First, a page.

Easy Tips For Better Nutrition, Healthier Eating

Discussion in 'Dietetics' started by Mahmoud Abudeif, Oct 5, 2019.

  1. Mahmoud Abudeif

    Mahmoud Abudeif Golden Member

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    Although incredibly important, nutrition is often glossed over by physicians—not only with patients, but also at home. But, a new report from the World Health Organization (WHO) may have you thinking twice about the importance of nutrition. Nutritional experts at the WHO found that 3.7 million lives could be saved globally if governments focused on healthier eating.

    In a UN news release, Naoko Yamamoto, MD, PhD, Assistant Director-General of Universal Health Coverage/Healthier Populations at the WHO, said that to achieve the goal of universal healthcare “nutrition should be positioned as one of the cornerstones of essential health packages.”

    Let’s take a closer look at the scope of the obesity problem worldwide, and what can be done in your daily life to eat healthier.

    Obesity here and abroad

    According to the latest WHO report, the number of children who are obese worldwide went up from 4.8% in 1990 to 5.9% in 2018. When the global adult population was factored in, this number rose significantly to 13%—a trend that is virtually universal.

    Bringing this closer to home, across all states and territories in the United States, more than 20% of adults are obese, according to the latest data (2016-2018) from the CDC—with nine states having reported overall adult obesity prevalence rates of ≥ 35%. In 2015-2016 alone, approximately 93.3 million American adults were affected by obesity. Moreover, among US children and adolescents (2-19 years of age), the childhood obesity prevalence rate is estimated to be a staggering 18.5%, with 13.7 million youth affected. And among those aged 12-19 years, the rate is even higher at 20.6%.

    Tips on healthier eating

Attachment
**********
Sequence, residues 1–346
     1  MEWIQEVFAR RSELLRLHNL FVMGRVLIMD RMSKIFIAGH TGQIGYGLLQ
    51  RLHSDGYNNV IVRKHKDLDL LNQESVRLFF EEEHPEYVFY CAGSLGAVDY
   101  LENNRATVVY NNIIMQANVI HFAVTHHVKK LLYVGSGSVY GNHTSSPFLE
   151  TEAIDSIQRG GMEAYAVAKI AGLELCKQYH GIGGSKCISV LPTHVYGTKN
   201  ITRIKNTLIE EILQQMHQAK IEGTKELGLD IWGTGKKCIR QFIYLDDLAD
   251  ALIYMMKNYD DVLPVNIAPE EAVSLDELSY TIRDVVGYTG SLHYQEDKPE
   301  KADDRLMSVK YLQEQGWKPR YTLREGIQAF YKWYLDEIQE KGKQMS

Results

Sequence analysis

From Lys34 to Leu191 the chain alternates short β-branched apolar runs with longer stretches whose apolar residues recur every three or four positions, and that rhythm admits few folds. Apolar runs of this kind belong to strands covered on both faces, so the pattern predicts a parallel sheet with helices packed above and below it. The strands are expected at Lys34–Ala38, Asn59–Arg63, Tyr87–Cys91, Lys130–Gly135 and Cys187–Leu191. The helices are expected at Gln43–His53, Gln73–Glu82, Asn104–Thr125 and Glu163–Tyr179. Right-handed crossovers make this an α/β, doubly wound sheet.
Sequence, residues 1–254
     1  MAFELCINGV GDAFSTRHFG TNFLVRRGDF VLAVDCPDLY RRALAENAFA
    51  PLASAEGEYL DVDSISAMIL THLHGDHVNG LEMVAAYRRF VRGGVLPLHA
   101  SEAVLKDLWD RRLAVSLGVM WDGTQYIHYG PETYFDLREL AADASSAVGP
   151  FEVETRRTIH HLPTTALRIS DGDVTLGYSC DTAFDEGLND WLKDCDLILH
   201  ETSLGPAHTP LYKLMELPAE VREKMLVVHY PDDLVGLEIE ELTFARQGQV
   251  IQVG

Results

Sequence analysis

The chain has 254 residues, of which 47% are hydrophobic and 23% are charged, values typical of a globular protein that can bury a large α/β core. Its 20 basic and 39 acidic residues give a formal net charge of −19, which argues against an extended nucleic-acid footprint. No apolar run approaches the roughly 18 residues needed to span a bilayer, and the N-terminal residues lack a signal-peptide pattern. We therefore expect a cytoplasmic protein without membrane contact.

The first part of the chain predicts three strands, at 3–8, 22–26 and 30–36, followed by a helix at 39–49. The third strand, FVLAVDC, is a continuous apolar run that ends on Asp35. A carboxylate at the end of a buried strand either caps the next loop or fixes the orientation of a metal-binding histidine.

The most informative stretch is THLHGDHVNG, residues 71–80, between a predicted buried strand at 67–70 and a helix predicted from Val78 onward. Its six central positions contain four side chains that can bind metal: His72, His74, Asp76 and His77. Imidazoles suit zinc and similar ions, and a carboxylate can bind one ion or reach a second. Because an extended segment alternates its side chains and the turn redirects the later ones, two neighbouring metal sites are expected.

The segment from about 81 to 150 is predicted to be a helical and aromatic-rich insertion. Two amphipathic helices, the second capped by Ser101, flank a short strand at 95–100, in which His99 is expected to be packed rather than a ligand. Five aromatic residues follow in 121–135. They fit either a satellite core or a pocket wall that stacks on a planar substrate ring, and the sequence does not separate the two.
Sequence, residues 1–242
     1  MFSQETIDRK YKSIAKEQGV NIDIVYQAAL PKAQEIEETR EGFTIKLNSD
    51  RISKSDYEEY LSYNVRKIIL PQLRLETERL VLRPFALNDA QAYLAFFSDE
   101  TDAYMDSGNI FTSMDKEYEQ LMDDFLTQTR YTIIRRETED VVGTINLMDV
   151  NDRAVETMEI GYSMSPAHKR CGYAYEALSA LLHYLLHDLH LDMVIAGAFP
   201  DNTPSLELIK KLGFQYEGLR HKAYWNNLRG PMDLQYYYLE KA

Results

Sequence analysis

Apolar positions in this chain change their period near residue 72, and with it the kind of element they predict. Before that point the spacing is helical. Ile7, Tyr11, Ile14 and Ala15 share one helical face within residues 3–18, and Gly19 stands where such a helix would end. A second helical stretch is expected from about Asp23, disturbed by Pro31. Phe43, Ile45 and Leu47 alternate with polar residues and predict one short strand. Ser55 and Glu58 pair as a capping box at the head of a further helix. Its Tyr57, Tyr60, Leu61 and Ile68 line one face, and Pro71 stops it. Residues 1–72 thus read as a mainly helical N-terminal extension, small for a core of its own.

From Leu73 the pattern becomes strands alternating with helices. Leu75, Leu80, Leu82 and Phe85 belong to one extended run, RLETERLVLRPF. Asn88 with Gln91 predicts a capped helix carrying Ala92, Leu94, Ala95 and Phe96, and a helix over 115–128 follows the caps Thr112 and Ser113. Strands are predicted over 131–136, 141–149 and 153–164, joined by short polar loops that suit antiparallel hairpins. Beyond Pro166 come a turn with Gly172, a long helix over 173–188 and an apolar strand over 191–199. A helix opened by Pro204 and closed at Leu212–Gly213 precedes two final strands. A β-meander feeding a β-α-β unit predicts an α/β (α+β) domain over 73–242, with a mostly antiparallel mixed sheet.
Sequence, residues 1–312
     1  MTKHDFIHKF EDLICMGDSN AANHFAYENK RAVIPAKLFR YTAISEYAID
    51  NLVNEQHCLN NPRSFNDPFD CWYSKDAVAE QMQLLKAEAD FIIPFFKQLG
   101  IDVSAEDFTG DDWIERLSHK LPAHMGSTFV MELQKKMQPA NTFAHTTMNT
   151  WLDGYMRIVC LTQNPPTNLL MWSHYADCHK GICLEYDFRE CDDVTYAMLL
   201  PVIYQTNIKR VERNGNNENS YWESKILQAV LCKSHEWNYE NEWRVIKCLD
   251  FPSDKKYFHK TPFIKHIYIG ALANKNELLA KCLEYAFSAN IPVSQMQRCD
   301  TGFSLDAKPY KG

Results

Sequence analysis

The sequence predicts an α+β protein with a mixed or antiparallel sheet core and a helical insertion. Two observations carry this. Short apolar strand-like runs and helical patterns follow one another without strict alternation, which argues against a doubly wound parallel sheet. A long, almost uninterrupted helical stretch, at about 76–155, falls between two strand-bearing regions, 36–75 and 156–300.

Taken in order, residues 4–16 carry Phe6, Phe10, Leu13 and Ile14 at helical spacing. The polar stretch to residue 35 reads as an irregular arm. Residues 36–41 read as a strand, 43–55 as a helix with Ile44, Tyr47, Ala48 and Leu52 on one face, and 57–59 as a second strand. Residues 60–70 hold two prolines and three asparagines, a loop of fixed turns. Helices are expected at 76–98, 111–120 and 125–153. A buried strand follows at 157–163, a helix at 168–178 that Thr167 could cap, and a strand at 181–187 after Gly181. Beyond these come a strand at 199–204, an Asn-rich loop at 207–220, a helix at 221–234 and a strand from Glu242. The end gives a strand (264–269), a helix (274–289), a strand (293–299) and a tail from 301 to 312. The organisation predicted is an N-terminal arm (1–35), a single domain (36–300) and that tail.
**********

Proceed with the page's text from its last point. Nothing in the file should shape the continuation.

As a physician, you may not be able to control worldwide obesity, but you can control your own patterns of eating and advise those of your patients. Here are some tips to help lose or maintain a healthy weight, as well as prevent heart disease, diabetes, and other serious weight-related health conditions.
    1. Never eat trans fats
    2. Eat more fruits, vegetables, nuts, seeds, whole grains, beans, legumes, lean poultry, lean meats, and oily fish
    3. Eat less salty foods, sugary foods and drinks, tropical oils (eg, coconut and palm), full-fat dairy, processed meats, and refined carbohydrates
    4. Keep note of your calories, with the goal of consuming fewer than you burn off—a food diary can keep you on track
    5. Eat modestly-sized portions—and if you’re eating out, save some for later
    6. Prepare your own meals, and dine out only occasionally
    7. Always read the nutrition labels, and use this information to make healthy choices
    8. Swap out less healthful ingredients for healthier alternatives; for example, opt for vegetable oil instead of butter
    9. Partition vegetables and other foods that may appear unappealing into single, see-through containers, which can increase the likelihood of consumption, according to the results of one study
    Finally, among various other intriguing findings, the WHO report also noted that lowering salt intake to recommended levels of < 5 grams per day could prevent 1.7 million deaths worldwide.

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